Coal is the primary fuel source for Midwest electric utilities. Michigan Technological University researchers found that increasing renewable and distributed generation energy sources can save Michigan electric consumers money.
As renewable energy technologies and access to distributed generation like residential solar panels improve, consumer costs for electricity decrease. Making electricity for yourself with solar has become more affordable than traditional electricity fuel sources like coal.
However, as three Michigan Tech researchers contend in a new study, while utility fuel mixes are slowly shifting away from fossil fuels toward renewable sources, Michigan utilities, and U.S. utilities broadly, continue a relationship with fossil fuels that is detrimental to their customers.
The paper, "Policies to Overcome Barriers for Renewable Energy Distributed Generation: A Case Study of Utility Structure and Regulatory Regimes in Michigan," was published in the energy policy special issue of the journal Energies.
"Michigan utilities are beginning to recognize the benefits of solar (and other renewables)," said Emily Prehoda, lead author of the paper and doctoral candidate in environmental and energy policy at Michigan Tech. "Some utilities are even shifting their portfolios to include large-scale solar and wind generation. However, utilities fear competition from, and actively hinder proliferation of, distributed generation systems by clinging to the traditional utility model."
In the paper, Prehoda and co-authors Joshua M. Pearce, Richard Witte Endowed Professor of Materials Science and Engineering, and Chelsea Schelly, associate professor of sociology, note that in the U.S., "70 percent of coal plants run at a higher cost than new renewable energy and by 2030 all of them will."
The researchers provide a breakdown of savings per kilowatt hour by county that Michigan residents could achieve if they produce their own electricity with solar photovoltaic panels.
The most significant impacts of distributed generation with solar are in the Upper Peninsula, where residential customers could see savings of approximately 7 cents per kilowatt hour. Assuming the average residential consumer uses 600 kilowatt hours of electricity monthly, this is a savings of $42 per utility bill. Downstate, the average savings per utility bill under the researchers' model is approximately $30 monthly.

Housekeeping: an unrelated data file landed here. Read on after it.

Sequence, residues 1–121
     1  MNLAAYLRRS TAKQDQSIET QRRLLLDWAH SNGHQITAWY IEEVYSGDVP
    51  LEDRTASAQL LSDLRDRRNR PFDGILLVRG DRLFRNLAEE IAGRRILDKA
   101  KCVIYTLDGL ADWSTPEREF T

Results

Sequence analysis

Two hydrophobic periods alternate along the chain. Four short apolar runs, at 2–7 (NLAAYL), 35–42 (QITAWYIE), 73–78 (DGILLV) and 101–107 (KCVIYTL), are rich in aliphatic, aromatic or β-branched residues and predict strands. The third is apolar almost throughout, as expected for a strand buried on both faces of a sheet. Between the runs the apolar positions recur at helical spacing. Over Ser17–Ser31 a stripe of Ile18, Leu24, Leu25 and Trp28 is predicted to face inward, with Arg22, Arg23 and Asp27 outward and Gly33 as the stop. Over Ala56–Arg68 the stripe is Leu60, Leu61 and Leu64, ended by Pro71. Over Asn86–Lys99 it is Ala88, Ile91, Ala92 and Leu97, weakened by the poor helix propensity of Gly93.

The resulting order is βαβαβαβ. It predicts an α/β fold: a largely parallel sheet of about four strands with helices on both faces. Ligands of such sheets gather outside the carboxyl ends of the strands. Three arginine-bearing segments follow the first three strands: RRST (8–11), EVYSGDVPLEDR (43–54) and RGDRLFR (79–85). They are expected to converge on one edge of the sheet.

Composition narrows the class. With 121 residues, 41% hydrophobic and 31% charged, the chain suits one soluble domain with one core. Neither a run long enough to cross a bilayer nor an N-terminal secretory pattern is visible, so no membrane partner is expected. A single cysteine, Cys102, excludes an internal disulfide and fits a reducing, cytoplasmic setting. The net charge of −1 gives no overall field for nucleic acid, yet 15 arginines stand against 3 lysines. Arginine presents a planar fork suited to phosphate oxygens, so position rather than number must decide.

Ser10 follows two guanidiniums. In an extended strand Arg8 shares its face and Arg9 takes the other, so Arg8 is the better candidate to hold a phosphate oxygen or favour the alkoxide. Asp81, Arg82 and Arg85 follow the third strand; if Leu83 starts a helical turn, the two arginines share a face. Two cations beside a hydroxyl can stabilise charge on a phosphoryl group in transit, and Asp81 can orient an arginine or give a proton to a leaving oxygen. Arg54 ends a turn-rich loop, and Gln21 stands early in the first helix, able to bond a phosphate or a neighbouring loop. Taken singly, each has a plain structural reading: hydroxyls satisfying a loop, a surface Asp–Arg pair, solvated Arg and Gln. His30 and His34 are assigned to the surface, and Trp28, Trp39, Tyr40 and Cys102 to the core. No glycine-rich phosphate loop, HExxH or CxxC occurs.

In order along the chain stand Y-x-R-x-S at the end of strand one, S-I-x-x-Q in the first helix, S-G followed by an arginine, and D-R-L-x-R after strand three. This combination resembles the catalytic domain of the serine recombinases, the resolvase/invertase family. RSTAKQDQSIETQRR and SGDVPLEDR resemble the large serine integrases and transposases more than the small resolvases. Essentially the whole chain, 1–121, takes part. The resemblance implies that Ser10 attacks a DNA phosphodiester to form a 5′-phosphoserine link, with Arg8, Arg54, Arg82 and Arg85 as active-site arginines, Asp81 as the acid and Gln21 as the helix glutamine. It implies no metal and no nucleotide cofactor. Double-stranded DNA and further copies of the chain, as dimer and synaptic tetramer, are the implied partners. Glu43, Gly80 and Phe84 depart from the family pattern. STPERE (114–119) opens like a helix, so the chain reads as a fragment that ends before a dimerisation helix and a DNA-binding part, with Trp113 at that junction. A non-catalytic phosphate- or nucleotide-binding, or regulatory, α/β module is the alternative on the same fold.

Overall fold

However, not all Michigan consumers can take advantage of the opportunity to self-generate, as some utilities are blocking additional net-metered distributed generation in their areas.
"Refusing to allow Michigan customers to have the opportunity to install cheaper and reliable electricity sources deprives the electrical grid of many benefits," Prehoda said. One such benefit is creating a more decentralized electric grid less vulnerable to attack.
According to the Michigan Public Service Commission's (MPSC) 2017 annual report (the most recent available), Michigan's use of coal as its primary electricity fuel source has decreased (from 73.18 percent in 2009 to 37.41 percent in 2016), and that void has been filled mainly by natural gas, energy waste reduction and renewable energy (which increased from 4 percent in 2009 to 9.67 percent in 2016). In Michigan, 84 percent of residents receive electricity from for-profit corporations like UPPCO and Consumers Energy.
In early 2019, Consumers Energy, which provides electricity to many Lower Peninsula communities, was approved for a rate increase that equates to a $1.62 increase per month for customers.
In late 2018, UPPCO requested a $10 million annual rate increase, which equates to a $6.50 per month increase for a residential customer consuming approximately 500 kilowatt hours of energy monthly; in February 2019, Michigan's Attorney General Dana Nessel filed in opposition to the increase with the MPSC and has suggested to the MPSC, a rate increase of no more than $3.5 million.
While in the past MPSC has lowered the amount of requested rate increases, the commission has not denied a rate increase.
Yet, as this study demonstrates, if utilities allow customers to generate their own power in addition to the power they consume from the grid, residential customers would see a substantial decrease in their electric rate by making their own solar electricity.
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Emily Prehoda et al. Policies to Overcome Barriers for Renewable Energy Distributed Generation: A Case Study of Utility Structure and Regulatory Regimes in Michigan, Energies (2019). DOI: 10.3390/en12040674